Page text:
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Fenland Council faces criticism in gypsy and traveller site ruling

Appeal site at Gall’s Drove, Guyhirn, Wisbech St Mary

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A council that accepts there is an “immediate unmet need for gypsy and traveller sites,” and confirms it has failed to respond to need, has been criticised by the Government Planning Inspectorate. Planning inspector Frances Mahoney allowed an appeal against a decision by Fenland District Council to refuse permission for a touring caravan, mobile home, and a day room.

The decision was made under delegated powers after planning committee chair Cllr David Connor said he “absolutely” agreed with the refusal.

He said the applicant had not provided enough information about who intended to live there and the site on land north of The Spinney, Gall’s Drove, Guyhirn, Wisbech St Mary, was also in Flood Zone 3.

But in an appeal decision released this week, Mr Mahoney pulls apart the council’s gypsy and traveller policies.

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“The council has five local authority sites accommodating 64 family pitches, along with private sites across the district accommodating over 300 caravans, as well as a transit site,” says Mr Mahoney.

“There is a current waiting list for pitches with 16 persons on it.

“In the absence of a robust evidence base in the form of an up-to-date Gypsy and Traveller Need Assessment (GTANA) and resultant expression of need, the council accept that at this stage, they don’t know what the need for gypsy and traveller accommodation is within their district.

“As a result, the council confirmed that they would offer no evidence that would disagree with the appellant’s case in respect of need.”

He said planning law requires the council to maintain a local assessment of need for GTANA pitches, both permanent and transit. The council is reliant on findings from November 2013 although an update is to be published later this year. The 2013 assessment concluded there was no need to identify any new pitches.

The inspector also dismissed the demand to know more about those living there.

“I have also considered whether this should be a personal permission specific to the appellant,” says Mr Mahoney.

“However, there being such a strong case in respect of the unmet needs of the general gypsy and traveller community within the district I do not consider that the personal circumstances of the appellant need to be factored in.”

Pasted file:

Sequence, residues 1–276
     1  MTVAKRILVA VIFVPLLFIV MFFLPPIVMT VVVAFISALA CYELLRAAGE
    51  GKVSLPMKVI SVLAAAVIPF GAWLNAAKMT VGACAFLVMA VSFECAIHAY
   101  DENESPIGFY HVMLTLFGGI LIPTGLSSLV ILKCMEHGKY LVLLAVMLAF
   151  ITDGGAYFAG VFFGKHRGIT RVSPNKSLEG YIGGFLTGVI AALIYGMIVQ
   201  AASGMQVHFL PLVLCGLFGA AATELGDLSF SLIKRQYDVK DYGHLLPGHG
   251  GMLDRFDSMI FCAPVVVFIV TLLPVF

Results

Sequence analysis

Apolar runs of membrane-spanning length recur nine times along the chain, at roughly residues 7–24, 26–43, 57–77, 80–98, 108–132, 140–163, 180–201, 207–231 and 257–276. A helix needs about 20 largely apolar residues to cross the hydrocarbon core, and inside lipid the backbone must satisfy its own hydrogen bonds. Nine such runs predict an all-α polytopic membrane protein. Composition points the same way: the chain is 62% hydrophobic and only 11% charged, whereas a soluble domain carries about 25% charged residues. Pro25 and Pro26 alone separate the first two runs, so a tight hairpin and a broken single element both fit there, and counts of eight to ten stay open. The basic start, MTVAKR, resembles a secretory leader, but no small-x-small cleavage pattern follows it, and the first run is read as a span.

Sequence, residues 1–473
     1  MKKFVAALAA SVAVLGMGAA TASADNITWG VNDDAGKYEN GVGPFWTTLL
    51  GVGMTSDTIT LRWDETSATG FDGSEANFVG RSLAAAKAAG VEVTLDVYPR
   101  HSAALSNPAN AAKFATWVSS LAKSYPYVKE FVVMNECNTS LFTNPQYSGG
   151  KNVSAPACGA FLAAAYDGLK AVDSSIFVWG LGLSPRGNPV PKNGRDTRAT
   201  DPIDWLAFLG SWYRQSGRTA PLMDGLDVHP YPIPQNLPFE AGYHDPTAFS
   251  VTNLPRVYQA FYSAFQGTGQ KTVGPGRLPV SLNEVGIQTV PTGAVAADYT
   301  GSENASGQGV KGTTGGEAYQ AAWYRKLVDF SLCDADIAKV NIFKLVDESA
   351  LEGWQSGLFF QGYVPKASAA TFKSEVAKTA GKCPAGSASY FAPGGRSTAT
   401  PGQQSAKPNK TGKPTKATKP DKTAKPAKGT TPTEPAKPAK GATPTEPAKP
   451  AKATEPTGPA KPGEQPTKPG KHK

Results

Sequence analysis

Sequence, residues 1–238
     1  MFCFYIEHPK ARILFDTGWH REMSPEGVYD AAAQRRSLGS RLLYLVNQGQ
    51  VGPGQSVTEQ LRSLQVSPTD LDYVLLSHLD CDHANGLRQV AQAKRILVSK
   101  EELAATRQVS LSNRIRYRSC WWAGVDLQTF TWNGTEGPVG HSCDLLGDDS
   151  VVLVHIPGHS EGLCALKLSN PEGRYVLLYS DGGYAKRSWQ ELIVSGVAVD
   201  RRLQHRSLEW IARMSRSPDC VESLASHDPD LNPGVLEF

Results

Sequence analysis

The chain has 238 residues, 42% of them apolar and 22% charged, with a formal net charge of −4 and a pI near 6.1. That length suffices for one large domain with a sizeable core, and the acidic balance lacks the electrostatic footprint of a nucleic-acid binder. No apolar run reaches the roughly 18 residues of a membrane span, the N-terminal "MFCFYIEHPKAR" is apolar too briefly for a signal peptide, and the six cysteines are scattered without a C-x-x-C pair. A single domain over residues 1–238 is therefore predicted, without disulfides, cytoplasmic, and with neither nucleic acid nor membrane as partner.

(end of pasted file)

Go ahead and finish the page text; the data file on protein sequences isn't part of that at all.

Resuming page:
He said the applicant (Sarah Smith) was an “accepted member” of the community and could comply with a “general occupancy condition which is justified in this case of general need”.

Mr Mahoney said: “Further Fenland District Council cannot demonstrate a five-year land supply in this regard; as a material consideration the council ascribe significant weight in favour of the appeal in respect of this inadequacy.

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“The ongoing failure of planning policy in respect of responding to meeting housing need for the gypsy and traveller community further adds considerable weight in the positive side of the balance of the decision.”

Mr Mahoney says the council only accepted the applicant was a member of the gypsy and traveller community during the appeal.

Following that, he said, the council dropped some of its objections.

Mr Mahoney said he also noted that the council were unable to identify any available, suitable, acceptable, and affordable alternatives for the appellant.

The site is on land north of The Spinney, Gall’s Drove, Guyhirn, Wisbech St Mary. IMAGE: Google

The site is on land north of The Spinney, Gall’s Drove, Guyhirn, Wisbech St Mary. IMAGE: Google

There was no merit, therefore, he says in requiring the appellant to go back and undertake a theoretical exercise of sequential consideration of alternative sites “which even the council cannot suggest or direct the appellant to”.

He also threw out the council’s argument that there were few local amenities near the site.

“However, there are bus stops along the B1542 close to Gall’s Drove which provide services into Wisbech and March where services are more readily available,” he says.

“Due to the appeal site’s rural location, I consider it likely that any future occupants of the proposed pitch would have some reliance on a private motor vehicle for transport needs although travel distances to services are reasonable.

“This is not uncommon in rural areas and is certainly not exclusive to the gypsy and traveller community. I have no doubt it would equally apply to the settled community in the immediate vicinity.”

The inspector also agreed the permission is permanent, and also not specific to the applicant.

Flood risks were also dealt with in his findings.

 

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